Thanks, the light from the bulbs cast on the table was dimmer than the matching incandescent and bluer than it seemed it should be because the package indicated a warmer light. I guess the bulbs are going to be hit and miss for a while.
Thanks for the input, eeisgood. Sounds like it's a wise move to keep LED receipts, especially since the purported advantage is long life. I'm curious...when you say that LEDs were "not as bright or nice as incandescent bulbs," was it because of the color of the light? I know that some people don't like the bright white apperance of some LEDs.
Quite an optimistic article with little substantial consistent and complete information, it has a lot of disconnected tidbits. Like one of the other comments I read, some more complete information would be nice.
In any event I just keep track of what I find in the store, some failures, abject failures, and successes. One recent failure was a set of six bulbs just installed in a dining room fixture, after about 1/2 hour operation one bulb went really dim, the rest have been OK for a couple months. They are not as bright or nice as the incandescent bulbs they claim to match. One nice success was some under counter lighting we got, very bright, and only a little warm temperature wise, we really like them.
Life expectancy is the truly vital part of the LED discussion. Unless they last long enough to pay for the reduced maintenance costs there is really not that much motivation to choose an LED device. So quality is the very vital parameter.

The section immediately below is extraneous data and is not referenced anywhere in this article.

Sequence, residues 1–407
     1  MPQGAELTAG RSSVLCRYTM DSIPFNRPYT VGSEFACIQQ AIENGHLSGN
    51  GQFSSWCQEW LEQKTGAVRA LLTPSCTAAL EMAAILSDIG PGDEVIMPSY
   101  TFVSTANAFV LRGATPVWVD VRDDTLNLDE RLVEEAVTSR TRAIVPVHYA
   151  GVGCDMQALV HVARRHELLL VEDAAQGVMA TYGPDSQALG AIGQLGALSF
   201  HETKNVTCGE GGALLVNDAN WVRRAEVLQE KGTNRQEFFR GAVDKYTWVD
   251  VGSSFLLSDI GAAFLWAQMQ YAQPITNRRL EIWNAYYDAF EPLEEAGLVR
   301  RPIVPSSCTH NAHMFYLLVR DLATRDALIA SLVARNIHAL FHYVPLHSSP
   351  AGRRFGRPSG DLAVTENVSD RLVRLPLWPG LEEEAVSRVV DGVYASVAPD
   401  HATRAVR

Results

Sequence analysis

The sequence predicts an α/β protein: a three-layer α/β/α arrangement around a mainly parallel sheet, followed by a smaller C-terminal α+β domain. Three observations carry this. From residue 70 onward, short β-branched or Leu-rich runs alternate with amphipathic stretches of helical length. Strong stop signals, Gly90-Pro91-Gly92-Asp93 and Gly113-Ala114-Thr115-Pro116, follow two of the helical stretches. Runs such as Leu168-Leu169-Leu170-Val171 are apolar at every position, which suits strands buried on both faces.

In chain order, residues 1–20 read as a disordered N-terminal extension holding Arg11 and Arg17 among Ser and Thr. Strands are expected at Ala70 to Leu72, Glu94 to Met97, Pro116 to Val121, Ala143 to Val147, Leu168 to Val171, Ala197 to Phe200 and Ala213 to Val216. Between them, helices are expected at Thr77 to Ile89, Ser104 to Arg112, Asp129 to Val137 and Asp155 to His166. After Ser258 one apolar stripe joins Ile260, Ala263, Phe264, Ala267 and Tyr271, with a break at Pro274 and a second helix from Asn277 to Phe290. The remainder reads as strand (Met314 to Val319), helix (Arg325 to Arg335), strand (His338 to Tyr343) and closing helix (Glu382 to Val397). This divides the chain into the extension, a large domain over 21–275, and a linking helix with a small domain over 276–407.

The discussion about the actual life of the LED lamp versus the rated life of a single emitter is a good one. I have been designing LED lamps for many years, and the potential is there to reach very long life lamps. However it takes very careful design and high-quality components to reach that potential. In an effort to shed some light on the subject, DOE has been doing testing of various consumer LED lamps for the past several years. See http://www1.eere.energy.gov/buildings/ssl/caliper.html Their summary report #15 concentrates on flood lights. Brand names are not mentioned, but they do include pictures of the products, which might let you distinguish the brands.
Consumer Reports has also tested a range of LED bulbs. They do mention brand names, and clearly some brands are much better than others.
Perhaps the datasheet for a single emitter does say 50K hours, and that may even be accurate (if the LED is adequately heat sinked and isn't overdriven to maximize light output for least cost). But it just doesn't translate to the MTBF for the bulb, which may contain many emitters (along with other components including PCB and connectors). The MTBF of the LED light bulb itself is much, Much, MUCH lower.
To be precise, an emitter is a single LED. An LED bulb is an assembly that will contain one or more emitters.
I've seen more than one LED bulb advertised citing the emitter MTBF to imply that the bulb MTBF is the same (in the 20K to 50K hours MTBF range). This is, to be polite, not true. Excusable for marketing types, but not appropriate for an Engineering blog.
The calculated lifetime of an LED emitter is, truly 50,000 hours. The observed lifetime of the circuitry that drives the LED is about the same as the life expectance of a couple of incandescent bulbs. I have found the net cost of LEDs is roghly three times the cost of incandescants, plus the color is much different. Dinner just isn't as appetizing when displayed under a recently purchased LED and you can't take them back if you don't like the color. I did read a suggestion that to restore incandescent colors to LED environments, try buying tinted glasses (must have been a government spokesman).
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In a bid to boost the viability of lithium-based electric car batteries, a team at Lawrence Berkeley National Laboratory has developed a chemistry that could possibly double an EV’s driving range while cutting its battery cost in half.
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